Adoration of the Shepherds (1622) by Gerard (Gerrit) van Honthorst.
AT OUR CHURCH at Christmas we have a crèche. It starts out as a big empty barn. Gradually over the weeks of Advent it begins to fill up with hay, a manger, a cow – all hand knit by parish members and neighbourhood friends – as each Sunday a child carries another animal in procession to Bethlehem. Last of the animals to arrive are the sheep: three woolly white lambs (miracles of knitting to my non-knitter’s eye) looking frisky and innocent, entirely unaware of the mystery that is about to unfold in their midst. These lambs, cradled this Advent in the child’s eager hands, frolicking at Christmas about the manger, are pointers to something of the depth of the grace that visits us in the child born at Bethlehem.
For he will be the lamb.
In his innocence, first, he will be the lamb, this Child born to Mary, innocent not only as babies are innocent, not yet having done any harm. He will be the lamb who is innocent as the Son of God is innocent: in Spirit and in truth, doing no harm all the days of his life.
The lambs with their shepherds are part of Luke’s lovely Christmas story. But Matthew makes the same point. Three times in the Passion Narrative he calls Jesus “innocent.” “I have sinned; I have betrayed innocent blood,” Judas says to the chief priests after Jesus is condemned. “Have nothing to do with this innocent man,” Pilate’s wife pleads with Pilate. And when Pilate decides to crucify Jesus anyway, he washes his hands. “I am innocent of this man’s blood,” he says, in an attempt to save himself from responsibility for the wrongful execution of an innocent man. Jesus is the spotless lamb in 1 Peter, dying as an innocent man, as the one innocent man, for the sake of all the far-from-innocent people.
Not with perishable things, 1 Peter says, were you ransomed, not with silver or gold, but with the precious blood of Christ as of a lamb spotless and unblemished. Here is the second thing to which the lambs at the manger point: the spotless Lamb who loves us and gives his life to save us.
Why is a ransom necessary? Because we are sold under sin, because we find ourselves so far from the innocence for which we long, because we harm and destroy on God’s holy mountain. Because we like sheep have gone astray. We are lost and no longer hear the voice of the Good Shepherd. Here, too, the lamb speaks to us at Christmas, this time not of Jesus but of ourselves.
We are the lamb who is lost. This is the third meaning of the lamb. Advent, indeed, is a time to take stock of just how far we have wandered, our distance from innocence – the impossibility, it seems, of walking in the way we know to be good. “For I do not do the good I want, but the evil I do not want is what I do,” Paul says. “Who will save me from the body of this death?”(Romans 7:19, 24). And hard on the heels of his cry comes the answer: “Thanks be to God through Jesus Christ our Lord.”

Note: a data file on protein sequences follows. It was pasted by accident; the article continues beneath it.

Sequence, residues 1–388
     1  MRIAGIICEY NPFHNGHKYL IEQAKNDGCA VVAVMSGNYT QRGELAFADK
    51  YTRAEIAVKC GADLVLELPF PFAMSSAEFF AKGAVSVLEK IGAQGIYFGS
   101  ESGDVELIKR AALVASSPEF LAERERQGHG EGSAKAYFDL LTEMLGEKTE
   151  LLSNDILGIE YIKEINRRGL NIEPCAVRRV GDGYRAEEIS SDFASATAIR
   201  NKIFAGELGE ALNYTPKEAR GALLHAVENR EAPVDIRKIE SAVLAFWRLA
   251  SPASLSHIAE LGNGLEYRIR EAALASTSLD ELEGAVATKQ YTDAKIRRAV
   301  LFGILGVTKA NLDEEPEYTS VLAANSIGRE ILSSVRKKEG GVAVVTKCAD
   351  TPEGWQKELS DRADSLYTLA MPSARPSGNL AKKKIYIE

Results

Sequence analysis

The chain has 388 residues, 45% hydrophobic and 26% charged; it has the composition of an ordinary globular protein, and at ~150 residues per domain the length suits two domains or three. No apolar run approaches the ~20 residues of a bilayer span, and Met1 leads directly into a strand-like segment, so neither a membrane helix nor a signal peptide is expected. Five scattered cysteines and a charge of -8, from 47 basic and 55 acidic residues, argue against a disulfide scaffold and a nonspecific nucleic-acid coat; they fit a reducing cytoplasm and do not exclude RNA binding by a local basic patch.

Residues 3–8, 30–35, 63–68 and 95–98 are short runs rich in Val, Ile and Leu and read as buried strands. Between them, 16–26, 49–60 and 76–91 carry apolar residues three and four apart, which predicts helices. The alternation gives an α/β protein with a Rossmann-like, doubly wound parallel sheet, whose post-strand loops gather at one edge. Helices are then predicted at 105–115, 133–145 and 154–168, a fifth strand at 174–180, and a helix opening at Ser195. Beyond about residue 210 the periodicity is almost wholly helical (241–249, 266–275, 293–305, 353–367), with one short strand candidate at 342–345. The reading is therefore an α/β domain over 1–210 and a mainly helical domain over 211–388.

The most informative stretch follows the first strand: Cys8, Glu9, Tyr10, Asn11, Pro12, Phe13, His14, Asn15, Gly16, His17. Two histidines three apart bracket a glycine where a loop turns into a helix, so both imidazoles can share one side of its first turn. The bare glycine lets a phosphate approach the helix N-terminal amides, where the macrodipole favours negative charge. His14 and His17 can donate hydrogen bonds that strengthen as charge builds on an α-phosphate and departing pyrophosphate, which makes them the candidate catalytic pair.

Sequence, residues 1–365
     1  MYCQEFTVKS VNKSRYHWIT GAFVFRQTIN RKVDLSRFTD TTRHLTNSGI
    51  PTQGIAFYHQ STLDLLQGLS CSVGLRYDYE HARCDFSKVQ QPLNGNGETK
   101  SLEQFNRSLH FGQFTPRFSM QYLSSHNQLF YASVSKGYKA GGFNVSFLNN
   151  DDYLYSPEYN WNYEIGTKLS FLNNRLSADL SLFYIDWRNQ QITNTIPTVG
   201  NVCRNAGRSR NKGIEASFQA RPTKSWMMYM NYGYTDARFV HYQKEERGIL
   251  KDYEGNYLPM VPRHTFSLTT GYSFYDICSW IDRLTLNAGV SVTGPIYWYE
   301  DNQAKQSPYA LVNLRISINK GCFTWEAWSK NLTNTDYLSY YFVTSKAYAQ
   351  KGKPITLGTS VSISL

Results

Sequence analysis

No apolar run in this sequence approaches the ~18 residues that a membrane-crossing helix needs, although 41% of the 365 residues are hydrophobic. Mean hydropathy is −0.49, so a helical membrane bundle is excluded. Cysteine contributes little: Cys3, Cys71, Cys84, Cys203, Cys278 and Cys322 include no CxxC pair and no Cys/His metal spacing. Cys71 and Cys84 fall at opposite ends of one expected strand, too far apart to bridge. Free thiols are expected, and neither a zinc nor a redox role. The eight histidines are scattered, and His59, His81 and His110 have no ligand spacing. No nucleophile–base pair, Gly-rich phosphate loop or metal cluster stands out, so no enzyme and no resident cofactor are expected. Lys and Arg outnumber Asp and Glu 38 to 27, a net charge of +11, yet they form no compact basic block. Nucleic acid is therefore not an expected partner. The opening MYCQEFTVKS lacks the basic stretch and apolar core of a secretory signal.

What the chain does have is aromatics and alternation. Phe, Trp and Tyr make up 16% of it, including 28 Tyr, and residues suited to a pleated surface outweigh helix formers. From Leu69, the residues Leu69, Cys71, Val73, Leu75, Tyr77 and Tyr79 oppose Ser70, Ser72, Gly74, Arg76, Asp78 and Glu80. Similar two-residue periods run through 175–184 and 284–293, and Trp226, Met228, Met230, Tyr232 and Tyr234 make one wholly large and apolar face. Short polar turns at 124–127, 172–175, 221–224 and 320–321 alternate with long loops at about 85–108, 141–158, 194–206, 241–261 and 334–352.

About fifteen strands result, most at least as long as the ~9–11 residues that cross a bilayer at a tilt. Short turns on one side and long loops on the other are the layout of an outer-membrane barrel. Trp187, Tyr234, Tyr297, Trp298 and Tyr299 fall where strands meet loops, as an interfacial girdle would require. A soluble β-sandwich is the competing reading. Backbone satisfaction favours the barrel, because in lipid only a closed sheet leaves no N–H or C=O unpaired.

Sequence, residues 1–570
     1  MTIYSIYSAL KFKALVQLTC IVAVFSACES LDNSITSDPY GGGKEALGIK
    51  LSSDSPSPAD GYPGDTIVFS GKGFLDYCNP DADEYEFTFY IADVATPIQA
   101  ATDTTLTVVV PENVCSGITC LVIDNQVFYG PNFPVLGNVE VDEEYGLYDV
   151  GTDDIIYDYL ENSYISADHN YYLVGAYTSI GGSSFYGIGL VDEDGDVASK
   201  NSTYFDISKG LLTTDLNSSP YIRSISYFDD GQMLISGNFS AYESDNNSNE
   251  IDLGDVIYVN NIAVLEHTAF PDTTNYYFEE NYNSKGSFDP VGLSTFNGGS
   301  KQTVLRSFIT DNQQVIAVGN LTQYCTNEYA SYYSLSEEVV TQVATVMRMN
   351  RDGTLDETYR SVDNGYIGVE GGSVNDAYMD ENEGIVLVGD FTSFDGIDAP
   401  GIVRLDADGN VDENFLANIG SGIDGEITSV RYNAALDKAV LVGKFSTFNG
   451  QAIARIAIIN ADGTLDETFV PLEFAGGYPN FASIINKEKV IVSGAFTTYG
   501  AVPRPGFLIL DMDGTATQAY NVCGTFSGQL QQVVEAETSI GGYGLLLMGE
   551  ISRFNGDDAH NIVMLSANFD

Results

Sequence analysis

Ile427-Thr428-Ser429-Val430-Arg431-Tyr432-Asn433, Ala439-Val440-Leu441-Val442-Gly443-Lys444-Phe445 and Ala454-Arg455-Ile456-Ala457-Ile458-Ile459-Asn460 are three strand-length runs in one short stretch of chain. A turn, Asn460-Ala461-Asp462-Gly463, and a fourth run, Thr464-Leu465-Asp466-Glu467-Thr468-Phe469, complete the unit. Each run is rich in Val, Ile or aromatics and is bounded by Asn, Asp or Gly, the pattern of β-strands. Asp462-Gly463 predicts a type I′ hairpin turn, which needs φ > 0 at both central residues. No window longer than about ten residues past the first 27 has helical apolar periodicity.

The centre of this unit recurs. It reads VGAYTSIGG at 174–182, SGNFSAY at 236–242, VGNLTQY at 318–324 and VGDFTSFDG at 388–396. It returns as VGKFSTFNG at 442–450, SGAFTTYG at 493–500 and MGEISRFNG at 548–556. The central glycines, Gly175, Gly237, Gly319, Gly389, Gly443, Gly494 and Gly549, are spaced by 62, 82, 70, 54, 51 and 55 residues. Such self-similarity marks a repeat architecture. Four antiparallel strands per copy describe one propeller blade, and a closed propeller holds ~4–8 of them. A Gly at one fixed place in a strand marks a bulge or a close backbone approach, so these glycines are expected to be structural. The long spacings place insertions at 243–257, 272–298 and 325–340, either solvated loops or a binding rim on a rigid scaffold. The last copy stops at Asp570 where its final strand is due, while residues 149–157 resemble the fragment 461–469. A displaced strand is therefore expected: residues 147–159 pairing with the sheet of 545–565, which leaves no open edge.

The lamb is a sign of hope, when we are the sheep that wander. For Jesus is the shepherd who leaves everything behind to go after the lamb who is lost. Jesus is the shepherd who faces the night to find his lamb, and lifts her up on his shoulders and carries her home rejoicing. On his shoulders Jesus lifts us all up, in his innocence bearing our shame, on his cross lifting us in his outstretched arms into heaven.
Jesus is the lamb who dies so that he might bring us all back home, so that we might in our lost and longing hearts know again God’s peace. He is the lamb whose death is our hope, the promise of restoration, God’s creatures living again in the innocence that does no harm.
The wolf shall dwell with the lamb,
the leopard shall lie down with the kid,
the calf and the lion and the fatling together,
and a little child shall lead them…
They will not hurt or destroy
on all my holy mountain;
for the earth will be full of the knowledge of the Lord
as the waters cover the sea. (Isaiah 11:6-9)
This is the fourth meaning of the lamb: now in this Child the glimpse of a far horizon, the time of Isaiah’s promise, hope of a world healed, the reign of grace.
Lamb of God, spotless one, sacrifice and shepherd, lifting the world in thy love into the place of God’s peace. Lamb of God, restoring to the lost world its innocence. The lamb at the manger this Christmas speaks the whole great story of grace: the Child and the cross and the victory of God, the cost of our wandering and the love that comes to find us there. The Lamb is the one who lifts us up on his own suffering shoulders and gives this world finally God’s peace.
O Lamb of God, that takest away the sin of the world, have mercy upon us. Grant us this Christmas thy peace. TAP
Dr. Catherine Sider Hamilton is the Rector of St Matthew’s Anglican Church in Riverdale, Toronto.